Calling the RSVPForEvent Action Method using AJAX

We'll use AJAX to invoke the Register action method from our Details view. Implementing this is pretty easy. First we'll add two script library references:

<script src="/Scripts/MicrosoftAjax.js" type="text/javascript"></script>
<script src="/Scripts/MicrosoftMvcAjax.js" type="text/javascript"></script>

The first library references the core ASP.NET AJAX client-side script library. This file is approximately 24k in size (compressed) and contains core client-side AJAX functionality. The second library contains utility functions that integrate with ASP.NET MVC's built-in AJAX helper methods (which we'll use shortly).

We can then update the view template code we added earlier so that instead of outputting a "You are not registered for this event" message, we instead render a link that when pushed performs an AJAX call that invokes our RSVPForEvent action method on our RSVP controller and RSVPs the user:

<div id="rsvpmsg">

<% if(Request.IsAuthenticated) { %>
    <% if(Model.IsUserRegistered(Context.User.Identity.Name)) { %>       

        <p>You are registred for this event!</p>

    <% } else { %>  
        <%= Ajax.ActionLink( "RSVP for this event",
                             "Register", "RSVP",
                             new { id=Model.DinnerID }, 
                             new AjaxOptions { UpdateTargetId="rsvpmsg"}) %>         
    <% } %>
<% } else { %>
    <a href="/Account/Logon">Logon</a> to RSVP for this event.

<% } %>

The Ajax.ActionLink() helper method used above is built-into ASP.NET MVC and is similar to the Html.ActionLink() helper method except that instead of performing a standard navigation it makes an AJAX call to the action method when the link is clicked. Above we are calling the "Register" action method on the "RSVP" controller and passing the DinnerID as the "id" parameter to it. The final AjaxOptions parameter we are passing indicates that we want to take the content returned from the action method and update the HTML <div> element on the page whose id is "rsvpmsg".

And now when a user browses to a dinner they aren't registered for yet they'll see a link to RSVP for it:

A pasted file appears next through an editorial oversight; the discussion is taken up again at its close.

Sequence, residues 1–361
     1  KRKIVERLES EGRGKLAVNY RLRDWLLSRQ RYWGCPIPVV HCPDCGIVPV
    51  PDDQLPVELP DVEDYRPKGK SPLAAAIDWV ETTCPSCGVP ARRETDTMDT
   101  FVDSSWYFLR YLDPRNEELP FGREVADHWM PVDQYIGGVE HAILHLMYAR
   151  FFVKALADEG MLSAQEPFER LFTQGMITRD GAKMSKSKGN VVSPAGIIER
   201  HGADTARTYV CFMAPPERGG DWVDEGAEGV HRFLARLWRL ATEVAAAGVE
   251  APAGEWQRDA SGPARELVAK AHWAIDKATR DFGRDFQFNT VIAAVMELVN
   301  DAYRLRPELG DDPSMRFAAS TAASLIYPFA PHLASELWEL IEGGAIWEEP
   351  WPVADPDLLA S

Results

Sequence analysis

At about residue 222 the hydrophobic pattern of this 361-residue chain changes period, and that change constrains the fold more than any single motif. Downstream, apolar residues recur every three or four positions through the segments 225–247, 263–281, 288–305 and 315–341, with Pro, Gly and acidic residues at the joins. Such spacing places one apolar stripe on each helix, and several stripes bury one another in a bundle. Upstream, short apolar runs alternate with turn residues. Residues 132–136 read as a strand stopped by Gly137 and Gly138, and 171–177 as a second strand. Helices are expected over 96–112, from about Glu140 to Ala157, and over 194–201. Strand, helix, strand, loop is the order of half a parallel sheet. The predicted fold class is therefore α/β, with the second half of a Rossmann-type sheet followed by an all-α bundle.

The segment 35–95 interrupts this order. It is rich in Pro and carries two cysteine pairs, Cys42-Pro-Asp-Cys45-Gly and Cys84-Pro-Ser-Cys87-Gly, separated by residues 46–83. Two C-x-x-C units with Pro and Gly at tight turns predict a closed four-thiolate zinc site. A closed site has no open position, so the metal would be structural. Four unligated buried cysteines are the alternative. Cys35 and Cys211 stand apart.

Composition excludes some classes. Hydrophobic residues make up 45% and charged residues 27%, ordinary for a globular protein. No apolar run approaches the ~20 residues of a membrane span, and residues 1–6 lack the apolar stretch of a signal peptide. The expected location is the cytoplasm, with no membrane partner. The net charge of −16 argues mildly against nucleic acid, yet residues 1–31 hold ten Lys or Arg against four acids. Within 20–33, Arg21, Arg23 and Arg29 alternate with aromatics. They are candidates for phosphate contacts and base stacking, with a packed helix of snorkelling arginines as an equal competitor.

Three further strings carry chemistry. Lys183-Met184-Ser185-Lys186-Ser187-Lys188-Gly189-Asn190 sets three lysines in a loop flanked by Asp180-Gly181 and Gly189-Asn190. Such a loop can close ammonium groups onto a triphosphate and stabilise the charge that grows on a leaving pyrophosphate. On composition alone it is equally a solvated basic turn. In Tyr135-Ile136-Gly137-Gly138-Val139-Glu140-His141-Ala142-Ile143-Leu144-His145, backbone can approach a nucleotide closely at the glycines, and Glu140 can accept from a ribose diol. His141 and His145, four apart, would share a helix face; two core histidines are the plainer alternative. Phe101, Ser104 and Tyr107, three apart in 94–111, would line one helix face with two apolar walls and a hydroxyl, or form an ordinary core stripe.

Screenshot of the Nerd Dinners page with the R S V P button at the bottom.

If they click the "RSVP for this event" link they'll make an AJAX call to the Register action method on the RSVP controller, and when it completes they'll see an updated message like below:

Screenshot of the Nerd Dinner details page with the message Thanks We Will See You There at the bottom.

The network bandwidth and traffic involved when making this AJAX call is really lightweight. When the user clicks on the "RSVP for this event" link, a small HTTP POST network request is made to the /Dinners/Register/1 URL that looks like below on the wire:

POST /Dinners/Register/49 HTTP/1.1
X-Requested-With: XMLHttpRequest
Content-Type: application/x-www-form-urlencoded; charset=utf-8
Referer: http://localhost:8080/Dinners/Details/49

And the response from our Register action method is simply:

HTTP/1.1 200 OK
Content-Type: text/html; charset=utf-8
Content-Length: 29
Thanks - we'll see you there!

This lightweight call is fast and will work even over a slow network.

Adding a jQuery Animation

The AJAX functionality we implemented works well and fast. Sometimes it can happen so fast, though, that a user might not notice that the RSVP link has been replaced with new text. To make the outcome a little more obvious we can add a simple animation to draw attention to the update message.

The default ASP.NET MVC project template includes jQuery – an excellent (and very popular) open source JavaScript library that is also supported by Microsoft. jQuery provides a number of features, including a nice HTML DOM selection and effects library.

To use jQuery we'll first add a script reference to it. Because we are going to be using jQuery within a variety of places within our site, we'll add the script reference within our Site.master master page file so that all pages can use it.